San Francisco hasn’t had it easy over the years…
From the major earthquake of 1906 to a number of subsequent fires that have taken place since then, almost 80% of the original San Francisco has been destroyed.
While this may be the case, there are still plenty of historic pockets around San Francisco where you can learn more about the Golden City’s past.
Alamo Square Historic District
One of San Francisco’s most iconic areas, Alamo Square is often referred to as Postcard Row.
Because of the exquisite Victorian architecture that can be seen here. While all of the buildings do have that distinct Victorian vibe to them, they were all designed by different architects, meaning that each one is unique in its own way.
Where about in the Alamo Square Historic District should you go to first?
Head on over to Steiner Street, where you will find the Painted Ladies. This is a group of colorful houses that were build in the 1890’s, and each feature a different colored coat of paint. These houses have appeared in so many different films, television shows and adverts over the years (from Full House to Dirty Harry), as they are such a fantastic visual that shows what San Francisco used to be like.
While it may excite you to see some of these famous houses, don’t forget that many of them still serve as residential properties. You will need to remain respectful of their owners – don’t go traipsing onto their land, no matter how much you may want to snap the perfect photo.
A few other architectural must-visits include:
- The Archbishop’s Mansion – a Second French Empire building
- Westerfeld House – a wooden, palazzo-style building with a tower and gorgeous bay windows
- The Green Apothecary – one of the city’s last remaining unaltered shopfronts from the 19th century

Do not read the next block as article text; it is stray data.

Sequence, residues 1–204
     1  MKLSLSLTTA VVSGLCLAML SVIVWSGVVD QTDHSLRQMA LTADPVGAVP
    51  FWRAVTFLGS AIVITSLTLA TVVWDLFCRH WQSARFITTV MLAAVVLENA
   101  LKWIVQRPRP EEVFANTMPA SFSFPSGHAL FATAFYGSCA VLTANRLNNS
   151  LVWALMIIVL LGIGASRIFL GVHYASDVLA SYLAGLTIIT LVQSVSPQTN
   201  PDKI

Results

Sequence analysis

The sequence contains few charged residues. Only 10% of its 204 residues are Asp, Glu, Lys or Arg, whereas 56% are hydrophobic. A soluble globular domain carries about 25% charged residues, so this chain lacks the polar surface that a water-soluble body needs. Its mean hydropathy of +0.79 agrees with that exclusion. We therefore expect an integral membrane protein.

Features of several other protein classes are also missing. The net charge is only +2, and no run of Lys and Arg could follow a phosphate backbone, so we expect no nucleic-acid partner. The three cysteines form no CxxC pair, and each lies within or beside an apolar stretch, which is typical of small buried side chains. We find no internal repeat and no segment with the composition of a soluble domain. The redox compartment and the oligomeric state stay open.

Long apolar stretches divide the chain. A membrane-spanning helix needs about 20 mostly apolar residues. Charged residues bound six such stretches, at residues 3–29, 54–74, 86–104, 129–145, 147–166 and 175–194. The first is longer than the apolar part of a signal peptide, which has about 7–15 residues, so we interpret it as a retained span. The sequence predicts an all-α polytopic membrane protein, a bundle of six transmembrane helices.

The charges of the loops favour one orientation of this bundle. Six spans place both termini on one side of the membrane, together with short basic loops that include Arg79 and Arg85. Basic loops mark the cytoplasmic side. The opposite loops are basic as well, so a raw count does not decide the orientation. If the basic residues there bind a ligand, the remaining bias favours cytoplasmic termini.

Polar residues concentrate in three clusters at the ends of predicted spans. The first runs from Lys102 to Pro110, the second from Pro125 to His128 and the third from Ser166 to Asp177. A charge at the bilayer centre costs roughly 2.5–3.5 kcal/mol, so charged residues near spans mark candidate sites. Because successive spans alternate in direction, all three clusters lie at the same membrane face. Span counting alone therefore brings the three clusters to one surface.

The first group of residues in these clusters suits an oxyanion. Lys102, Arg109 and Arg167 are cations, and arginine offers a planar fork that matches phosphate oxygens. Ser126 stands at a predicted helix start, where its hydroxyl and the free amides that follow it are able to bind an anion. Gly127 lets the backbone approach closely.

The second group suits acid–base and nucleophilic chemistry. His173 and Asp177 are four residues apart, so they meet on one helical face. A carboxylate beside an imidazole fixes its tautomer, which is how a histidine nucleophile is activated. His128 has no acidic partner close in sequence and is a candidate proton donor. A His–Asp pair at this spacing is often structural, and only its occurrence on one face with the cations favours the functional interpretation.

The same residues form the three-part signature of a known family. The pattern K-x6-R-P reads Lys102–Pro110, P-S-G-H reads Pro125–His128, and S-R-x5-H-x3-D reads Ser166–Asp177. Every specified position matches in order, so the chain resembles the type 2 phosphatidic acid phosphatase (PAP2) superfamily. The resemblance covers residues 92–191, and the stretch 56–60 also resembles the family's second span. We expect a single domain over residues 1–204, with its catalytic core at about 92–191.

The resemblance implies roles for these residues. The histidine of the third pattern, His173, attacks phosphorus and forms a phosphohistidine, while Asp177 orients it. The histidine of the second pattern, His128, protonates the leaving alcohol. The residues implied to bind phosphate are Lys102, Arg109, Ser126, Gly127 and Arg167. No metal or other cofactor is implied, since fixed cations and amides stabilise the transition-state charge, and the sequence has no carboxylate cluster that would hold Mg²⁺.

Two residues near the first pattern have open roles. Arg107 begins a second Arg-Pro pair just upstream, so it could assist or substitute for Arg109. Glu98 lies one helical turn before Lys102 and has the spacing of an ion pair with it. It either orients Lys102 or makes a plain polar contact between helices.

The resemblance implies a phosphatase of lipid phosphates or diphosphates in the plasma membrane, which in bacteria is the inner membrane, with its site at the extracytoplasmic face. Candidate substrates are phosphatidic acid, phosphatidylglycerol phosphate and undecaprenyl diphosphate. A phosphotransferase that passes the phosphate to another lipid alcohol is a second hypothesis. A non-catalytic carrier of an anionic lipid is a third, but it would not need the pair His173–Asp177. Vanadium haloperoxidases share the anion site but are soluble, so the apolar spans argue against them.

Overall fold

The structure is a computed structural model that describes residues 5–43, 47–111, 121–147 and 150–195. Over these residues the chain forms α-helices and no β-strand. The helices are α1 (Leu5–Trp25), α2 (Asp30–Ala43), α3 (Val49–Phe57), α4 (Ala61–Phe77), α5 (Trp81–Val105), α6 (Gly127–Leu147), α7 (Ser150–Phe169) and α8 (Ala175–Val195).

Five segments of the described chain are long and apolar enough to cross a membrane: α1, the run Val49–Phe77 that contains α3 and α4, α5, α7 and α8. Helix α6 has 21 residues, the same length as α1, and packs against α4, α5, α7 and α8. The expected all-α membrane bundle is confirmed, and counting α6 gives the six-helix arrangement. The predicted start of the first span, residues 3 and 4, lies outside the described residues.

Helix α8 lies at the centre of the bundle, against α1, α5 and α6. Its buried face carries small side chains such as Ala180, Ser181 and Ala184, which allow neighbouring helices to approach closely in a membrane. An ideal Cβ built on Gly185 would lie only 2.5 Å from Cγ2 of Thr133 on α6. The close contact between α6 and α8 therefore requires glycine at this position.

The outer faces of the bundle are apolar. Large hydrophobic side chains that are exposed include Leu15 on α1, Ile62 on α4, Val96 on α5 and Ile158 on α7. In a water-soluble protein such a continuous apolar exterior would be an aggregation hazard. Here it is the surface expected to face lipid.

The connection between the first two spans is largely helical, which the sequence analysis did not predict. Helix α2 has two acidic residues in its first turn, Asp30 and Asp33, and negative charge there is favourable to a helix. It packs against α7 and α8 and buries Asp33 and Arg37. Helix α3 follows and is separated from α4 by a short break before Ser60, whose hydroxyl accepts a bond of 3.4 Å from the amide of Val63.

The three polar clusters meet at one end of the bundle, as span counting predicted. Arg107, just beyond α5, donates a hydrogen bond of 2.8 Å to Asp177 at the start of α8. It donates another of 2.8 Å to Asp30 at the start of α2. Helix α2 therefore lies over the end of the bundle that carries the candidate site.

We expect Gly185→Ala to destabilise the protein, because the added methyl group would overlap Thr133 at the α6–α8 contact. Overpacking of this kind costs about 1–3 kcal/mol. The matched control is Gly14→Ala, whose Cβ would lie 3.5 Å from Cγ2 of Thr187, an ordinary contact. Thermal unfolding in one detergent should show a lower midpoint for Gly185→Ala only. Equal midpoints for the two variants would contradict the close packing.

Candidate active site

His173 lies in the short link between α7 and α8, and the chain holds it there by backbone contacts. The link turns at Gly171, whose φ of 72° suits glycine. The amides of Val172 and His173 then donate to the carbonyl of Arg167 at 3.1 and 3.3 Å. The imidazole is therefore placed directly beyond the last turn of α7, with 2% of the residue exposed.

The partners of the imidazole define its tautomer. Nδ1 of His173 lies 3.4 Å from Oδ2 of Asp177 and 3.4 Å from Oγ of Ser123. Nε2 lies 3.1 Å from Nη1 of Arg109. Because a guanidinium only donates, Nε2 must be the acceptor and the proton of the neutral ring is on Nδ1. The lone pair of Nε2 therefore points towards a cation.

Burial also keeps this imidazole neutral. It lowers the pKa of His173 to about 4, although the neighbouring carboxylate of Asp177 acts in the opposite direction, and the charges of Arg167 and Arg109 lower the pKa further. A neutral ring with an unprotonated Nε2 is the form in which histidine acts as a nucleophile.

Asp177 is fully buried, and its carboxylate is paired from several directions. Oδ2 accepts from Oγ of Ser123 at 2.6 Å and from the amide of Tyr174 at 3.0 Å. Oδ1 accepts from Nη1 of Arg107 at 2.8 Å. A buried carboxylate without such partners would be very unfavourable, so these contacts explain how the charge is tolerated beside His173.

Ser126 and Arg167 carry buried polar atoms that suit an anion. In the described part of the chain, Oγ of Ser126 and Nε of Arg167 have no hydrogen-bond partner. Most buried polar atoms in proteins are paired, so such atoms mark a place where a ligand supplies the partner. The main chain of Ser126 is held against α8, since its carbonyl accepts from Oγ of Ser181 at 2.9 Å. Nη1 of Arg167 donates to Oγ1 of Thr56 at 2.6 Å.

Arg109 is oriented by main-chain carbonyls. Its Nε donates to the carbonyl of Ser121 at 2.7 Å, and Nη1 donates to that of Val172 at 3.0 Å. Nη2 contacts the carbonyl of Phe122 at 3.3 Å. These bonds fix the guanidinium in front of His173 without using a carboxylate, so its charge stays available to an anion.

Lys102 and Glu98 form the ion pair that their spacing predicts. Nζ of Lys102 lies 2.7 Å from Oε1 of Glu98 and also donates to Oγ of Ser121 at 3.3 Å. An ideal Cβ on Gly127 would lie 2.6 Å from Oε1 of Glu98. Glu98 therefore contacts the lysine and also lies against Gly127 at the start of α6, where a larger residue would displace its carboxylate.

- Old Holy virgin Russian Orthodox Church – built in a German-Renaissance style
Once you’re done checking out the architecture, stop off at the Alamo Square Park. This is the focal point of the neighborhood, and while it used to be a watering spot for traveling horses, it is now a beautiful, green public park.
There are plenty of incredible eateries in this neighborhood. Give the Alamo Square Seafood Grill a try for some local seafood dishes, or head to Little Star Pizza for what many would say is the tastiest pizza in the city.
If you’re looking for somewhere historic in the neighborhood to spend the night…
Give Chateau Tivoli a try. This restored house was originally built in 1892, and is now a stunning bed and breakfast. There are a few other accommodation options in the area, but keep in mind that you will not find any large hotel chains here.
Often referred to as Little Italy, San Francisco’s North Beach neighborhood is most revered for its delectable Italian cuisine.
As you walk the streets here, you will notice a number of Italian restaurants packed along narrow cobbled streets, with outdoor tables to offer up an authentic al fresco experience.